Section 9.2 has shown how payments are linked to service performance through availability payment mechanisms, so that deductions or abatements are made from the payments commensurate with any failure to meet set service standards or target levels of service. The price paid is therefore adjusted to match the effective level of service rendered by the private partner so that the private partner suffers the financial consequences of under-performance.
Some or all of the events that result in a deduction may be regarded as contract breaches (see box 5.31), but they are not the only potential contract breaches which the private partner may incur. Also, there is a need to incentivize performance in projects other than through availability payments, and particularly in user-pays projects where there is not a direct payment from the government to the private partner that may be retained or deducted.
The contract establishes a number of obligations and conditions. These may be in the form of technical requirements (such as construction and time requirements during construction — for example, long stop dates for construction or interim milestone deadlines — and service requirements during operations), information or reporting requirements, legal requirements (that is, complying with legal provisions, such as labour laws), financial requirements ( for example, minimum equity investment), and other formal requirements.
When the private partner is not meeting a requirement or is failing to observe a provision of the contract, it is in breach of contract (contract breaches have to be distinguished from events of default, as not every breach will or should constitute an event of default). See box 5.31.
Breaches usually result in a penalty (unless it is already being addressed by the payment mechanism), with the penalty amount being commensurate with the importance of the obligation breached and the duration of the breach (for example, a delay in meeting a deadline). The scheme described in the contract that defines categories of breach and levels of penalty is called a penalty system. This allows for the imposition of a financial consequence for breaching a provision of the contract, including, in the case of user-pays PPPs, failures to perform under the service requirements.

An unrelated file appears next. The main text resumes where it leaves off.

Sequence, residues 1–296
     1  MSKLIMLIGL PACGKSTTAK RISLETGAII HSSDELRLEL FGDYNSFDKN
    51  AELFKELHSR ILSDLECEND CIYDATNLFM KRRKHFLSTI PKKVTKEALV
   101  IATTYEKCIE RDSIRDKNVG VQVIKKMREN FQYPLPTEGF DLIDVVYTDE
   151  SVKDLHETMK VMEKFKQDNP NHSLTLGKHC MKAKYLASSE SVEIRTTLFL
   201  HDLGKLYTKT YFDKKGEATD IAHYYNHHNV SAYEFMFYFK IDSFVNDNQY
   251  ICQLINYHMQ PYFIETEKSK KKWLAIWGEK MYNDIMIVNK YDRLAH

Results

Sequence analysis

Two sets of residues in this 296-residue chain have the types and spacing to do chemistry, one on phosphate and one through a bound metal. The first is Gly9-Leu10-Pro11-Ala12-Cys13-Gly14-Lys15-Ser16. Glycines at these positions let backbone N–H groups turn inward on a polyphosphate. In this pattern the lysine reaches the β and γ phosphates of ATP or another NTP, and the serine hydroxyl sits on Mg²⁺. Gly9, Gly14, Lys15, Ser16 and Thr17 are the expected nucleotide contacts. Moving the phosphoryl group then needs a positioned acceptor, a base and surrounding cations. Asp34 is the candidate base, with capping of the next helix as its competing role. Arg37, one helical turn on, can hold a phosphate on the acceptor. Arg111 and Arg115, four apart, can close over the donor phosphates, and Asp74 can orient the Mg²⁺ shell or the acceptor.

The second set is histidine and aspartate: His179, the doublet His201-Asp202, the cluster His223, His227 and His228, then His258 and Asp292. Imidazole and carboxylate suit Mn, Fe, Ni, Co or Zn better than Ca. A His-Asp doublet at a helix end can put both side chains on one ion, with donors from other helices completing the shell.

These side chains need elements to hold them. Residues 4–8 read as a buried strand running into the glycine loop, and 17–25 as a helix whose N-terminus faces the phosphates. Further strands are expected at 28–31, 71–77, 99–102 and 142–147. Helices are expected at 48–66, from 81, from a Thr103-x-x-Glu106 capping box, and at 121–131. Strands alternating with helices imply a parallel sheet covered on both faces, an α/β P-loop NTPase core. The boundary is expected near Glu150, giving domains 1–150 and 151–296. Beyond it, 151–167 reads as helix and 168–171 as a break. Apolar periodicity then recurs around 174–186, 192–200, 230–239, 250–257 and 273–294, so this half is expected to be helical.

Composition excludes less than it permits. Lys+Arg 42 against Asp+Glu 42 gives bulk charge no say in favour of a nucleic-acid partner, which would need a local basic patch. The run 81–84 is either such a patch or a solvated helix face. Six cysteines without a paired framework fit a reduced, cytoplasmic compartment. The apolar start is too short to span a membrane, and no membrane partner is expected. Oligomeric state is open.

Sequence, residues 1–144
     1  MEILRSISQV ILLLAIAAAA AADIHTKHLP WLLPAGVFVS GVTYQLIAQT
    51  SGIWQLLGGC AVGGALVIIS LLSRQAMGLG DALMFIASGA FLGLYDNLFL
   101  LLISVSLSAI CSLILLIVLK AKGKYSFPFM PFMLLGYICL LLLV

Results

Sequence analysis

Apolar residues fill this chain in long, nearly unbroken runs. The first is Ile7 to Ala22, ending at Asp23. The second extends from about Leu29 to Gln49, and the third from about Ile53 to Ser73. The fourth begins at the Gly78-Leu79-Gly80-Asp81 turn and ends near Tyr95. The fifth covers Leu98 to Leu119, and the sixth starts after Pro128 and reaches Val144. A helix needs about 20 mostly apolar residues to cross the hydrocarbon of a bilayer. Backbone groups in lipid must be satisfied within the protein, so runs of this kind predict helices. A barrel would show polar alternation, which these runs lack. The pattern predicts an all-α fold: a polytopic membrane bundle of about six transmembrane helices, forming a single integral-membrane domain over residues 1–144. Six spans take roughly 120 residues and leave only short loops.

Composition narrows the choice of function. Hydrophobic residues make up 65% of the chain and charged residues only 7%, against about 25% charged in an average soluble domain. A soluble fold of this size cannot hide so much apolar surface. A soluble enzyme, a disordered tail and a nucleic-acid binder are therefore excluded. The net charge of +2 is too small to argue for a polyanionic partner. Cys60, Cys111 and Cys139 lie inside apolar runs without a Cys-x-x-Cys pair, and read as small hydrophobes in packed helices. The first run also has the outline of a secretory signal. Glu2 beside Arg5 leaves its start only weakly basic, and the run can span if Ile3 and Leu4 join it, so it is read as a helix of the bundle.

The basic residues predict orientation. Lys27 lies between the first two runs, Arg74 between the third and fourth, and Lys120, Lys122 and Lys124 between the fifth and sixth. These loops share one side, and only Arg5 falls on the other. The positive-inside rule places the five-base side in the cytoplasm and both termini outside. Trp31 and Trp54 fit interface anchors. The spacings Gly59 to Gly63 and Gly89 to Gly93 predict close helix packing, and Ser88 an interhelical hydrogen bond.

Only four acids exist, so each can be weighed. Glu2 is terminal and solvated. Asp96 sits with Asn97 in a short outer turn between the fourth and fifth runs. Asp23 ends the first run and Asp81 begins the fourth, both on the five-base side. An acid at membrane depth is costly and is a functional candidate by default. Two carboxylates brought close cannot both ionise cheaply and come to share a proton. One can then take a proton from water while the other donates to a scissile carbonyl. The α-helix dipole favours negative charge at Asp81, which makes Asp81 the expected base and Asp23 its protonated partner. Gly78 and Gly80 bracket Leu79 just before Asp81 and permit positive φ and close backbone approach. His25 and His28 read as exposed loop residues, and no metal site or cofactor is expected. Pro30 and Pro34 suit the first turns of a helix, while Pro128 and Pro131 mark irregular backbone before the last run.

Some contracts adopt a two-stage system to apply penalties, using the performance points system explained below (see box 5.31). Each breach results in some points being accrued (the level of points depending on the relevance of the breach), and once the accrued points reach a certain threshold, the penalty is applied (and/or other remedial measures are taken that have financial consequences for the private partner, such as increased monitoring).
A breach of contract is a failure to observe a provision of the contract, and this may lead to penalties and events of default.
An event of default (with respect to or in the context of the PPP contract) is a breach of contract that relates to an obligation defined as essential in the contract, and which will entitle the procuring authority to terminate the contract.
Therefore, some contract breaches (when they are material breaches of the relevant obligation) will be defined as events of default, and all breaches when they accumulate to the point of being regarded as a persistent breach will also constitute an event of default.
It is typical for a penalty system (and/or a performance points system) to establish at least two categories (serious or major versus minor breaches). It is common for the contract to deem that any minor breach that is repeatedly committed constitutes a major breach for the purpose of applying a higher penalty (for example, a minor breach committed more than three times in a 12-month period is deemed to be a major breach). The contract should also define the “persistent breach concept” which may lead to more serious consequences. The penalty or Liquidated Damages (LDs) will be claimed against the private partner, deducted from government payments, or deducted from the performance guarantee/bond.
The contract should clearly stipulate the penalty system (and the performance points system), that is, which type of breaches will result in a penalty and/or in a point. It is good practice to list, define (that is, when a provision is considered to be breached), and classify the potential breaches of contract. See box 5.32.